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Putting History Into Action: Gloria & Wilma School Links Activists and Archives

Research & Inquiry

  • July 20, 2015
Gloria Steinem takes a selfie with a group of Gloria and Wilma School students

The activists gathered at the Smith College Conference Center in June were tackling a seldom-asked question: How can history support the day-to-day work of women organizers?

Linda Burnham, research director of the National Domestic Workers Alliance, offered the example of telling her members about a historic strike by African American washerwomen in Georgia in the 1880s.

The story is an inspiration to women now organizing for better working conditions for nannies, housekeepers and other domestic workers, Burnham explained.

“We make sure our organizers understand that we’re not the first ones on this road or the last ones on this road,” she added. “The demographics of domestic workers are always changing. But we rest on the history of those who came before us.”

Using history to strengthen women’s activism was the goal of the inaugural Gloria & Wilma School for Organizers held on campus in June. During the four-day gathering some 50 activists of varying ages, backgrounds and geographical regions explored the Sophia Smith Collection, the college’s internationally recognized women’s history archives, and shared insights for how lessons from the past can deepen the impact of present-day organizing.

Among the participants was feminist icon Gloria Steinem ‘56, the inspiration for the school and the larger Steinem Initiative affiliated with Smith’s Center for Community Collaboration.

“When you are an old person, you become an archive,” quipped Steinem, 80, before sharing some stories from her past organizing experiences with program participants.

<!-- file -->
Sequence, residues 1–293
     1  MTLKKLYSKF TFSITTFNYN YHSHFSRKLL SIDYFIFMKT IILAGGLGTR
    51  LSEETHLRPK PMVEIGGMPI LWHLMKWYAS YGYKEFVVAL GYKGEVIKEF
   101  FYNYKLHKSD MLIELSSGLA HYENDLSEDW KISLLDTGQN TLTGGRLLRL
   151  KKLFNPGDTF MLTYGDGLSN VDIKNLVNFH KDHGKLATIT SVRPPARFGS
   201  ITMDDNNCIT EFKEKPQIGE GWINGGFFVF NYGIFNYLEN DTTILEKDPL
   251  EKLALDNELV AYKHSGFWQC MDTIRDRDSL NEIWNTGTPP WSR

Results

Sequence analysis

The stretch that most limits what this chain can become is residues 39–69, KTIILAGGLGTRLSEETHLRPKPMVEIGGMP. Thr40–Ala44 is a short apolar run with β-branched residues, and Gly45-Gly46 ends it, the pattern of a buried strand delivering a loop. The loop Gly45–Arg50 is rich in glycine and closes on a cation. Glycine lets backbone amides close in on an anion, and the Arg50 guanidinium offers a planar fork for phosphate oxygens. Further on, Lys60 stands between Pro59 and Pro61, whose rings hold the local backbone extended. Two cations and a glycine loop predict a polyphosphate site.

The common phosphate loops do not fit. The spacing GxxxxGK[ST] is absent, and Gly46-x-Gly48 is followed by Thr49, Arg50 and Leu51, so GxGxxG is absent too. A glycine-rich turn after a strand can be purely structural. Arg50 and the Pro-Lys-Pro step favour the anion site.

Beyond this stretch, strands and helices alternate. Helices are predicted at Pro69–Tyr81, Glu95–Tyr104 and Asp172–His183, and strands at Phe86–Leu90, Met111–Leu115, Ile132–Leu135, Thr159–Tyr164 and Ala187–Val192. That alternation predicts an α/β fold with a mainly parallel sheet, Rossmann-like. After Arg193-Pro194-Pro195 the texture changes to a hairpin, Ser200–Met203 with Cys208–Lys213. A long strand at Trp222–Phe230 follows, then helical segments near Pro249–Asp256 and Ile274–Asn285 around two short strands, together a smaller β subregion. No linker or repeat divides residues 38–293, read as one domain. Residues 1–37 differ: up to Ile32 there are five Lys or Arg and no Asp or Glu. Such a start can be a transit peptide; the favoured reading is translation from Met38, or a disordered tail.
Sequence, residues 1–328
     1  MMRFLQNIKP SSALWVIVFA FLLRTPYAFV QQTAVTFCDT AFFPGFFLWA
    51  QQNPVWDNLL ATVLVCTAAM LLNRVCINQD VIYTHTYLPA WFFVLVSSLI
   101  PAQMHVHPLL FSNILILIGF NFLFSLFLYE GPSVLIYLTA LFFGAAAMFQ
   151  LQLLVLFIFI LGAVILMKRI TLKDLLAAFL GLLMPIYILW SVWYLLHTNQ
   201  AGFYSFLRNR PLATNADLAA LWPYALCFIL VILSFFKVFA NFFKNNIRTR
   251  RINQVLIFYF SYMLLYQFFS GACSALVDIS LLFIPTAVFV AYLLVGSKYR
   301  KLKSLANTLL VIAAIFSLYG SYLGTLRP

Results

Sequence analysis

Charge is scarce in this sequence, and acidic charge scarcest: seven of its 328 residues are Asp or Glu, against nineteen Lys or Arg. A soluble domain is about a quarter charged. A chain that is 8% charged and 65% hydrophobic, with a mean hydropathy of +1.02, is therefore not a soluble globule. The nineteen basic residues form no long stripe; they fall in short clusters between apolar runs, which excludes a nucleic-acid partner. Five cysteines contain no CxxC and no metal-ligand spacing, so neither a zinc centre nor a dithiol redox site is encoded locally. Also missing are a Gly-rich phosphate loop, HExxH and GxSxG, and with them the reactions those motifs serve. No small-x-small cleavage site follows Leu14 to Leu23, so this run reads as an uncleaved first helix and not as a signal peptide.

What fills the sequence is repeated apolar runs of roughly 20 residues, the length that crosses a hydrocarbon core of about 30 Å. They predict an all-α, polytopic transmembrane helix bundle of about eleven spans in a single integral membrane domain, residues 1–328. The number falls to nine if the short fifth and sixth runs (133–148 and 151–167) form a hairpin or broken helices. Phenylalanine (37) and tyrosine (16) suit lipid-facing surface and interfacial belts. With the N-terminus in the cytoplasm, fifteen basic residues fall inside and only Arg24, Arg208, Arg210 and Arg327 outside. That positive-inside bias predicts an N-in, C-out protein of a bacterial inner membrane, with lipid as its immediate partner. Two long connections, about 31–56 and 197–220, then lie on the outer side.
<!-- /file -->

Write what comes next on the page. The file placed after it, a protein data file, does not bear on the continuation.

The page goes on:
Hosting a school for activists was a longtime dream of Steinem’s and the late Wilma Mankiller, the first woman elected chief of the Cherokee Nation. The two leaders were committed to the idea of using histories of previous generations of the women’s movement as a tool to inform new organizing efforts.

Joyce Follet, co-director of the Steinem Initiative, said the idea for the school also arose from the Voices of Feminism Oral History Project launched at Smith in 2003. Steinem’s papers are part of the project, which was designed to bring racial, sexual and gender diversity to the holdings of the Sophia Smith Collection at Neilson Library.

While scholars are the ones typically drawn to using the collection, Follet—who directed Voices of Feminism—said the diaries, photos and other primary documents found there are critically important to activists who “risk losing their stories” because they lack time to collect and reflect on them.

Sara Gould, the Steinem Initiative’s other co-director, noted that one of the aims of the Gloria & Wilma School is to sustain partnerships among archivists, students, faculty and activists so that lessons learned are conveyed to the next generation and inform ongoing movements for social justice.

“It’s a way of completing the circle and making the archives more accessible,” Gould said.

School participant Sandra Killett, director of the Child Welfare Organizing Project in New York City, said learning about the women’s history archives at Smith has inspired her to begin researching and documenting recent changes in her own organization.

“I realized how important it is to have an archive so that the story gets told and there is a place for folks to go back to and see that you don’t have to reinvent the wheel with this work,” said Killett, whose organization has been advocating for children and families involved in New York’s child welfare system for more than 20 years.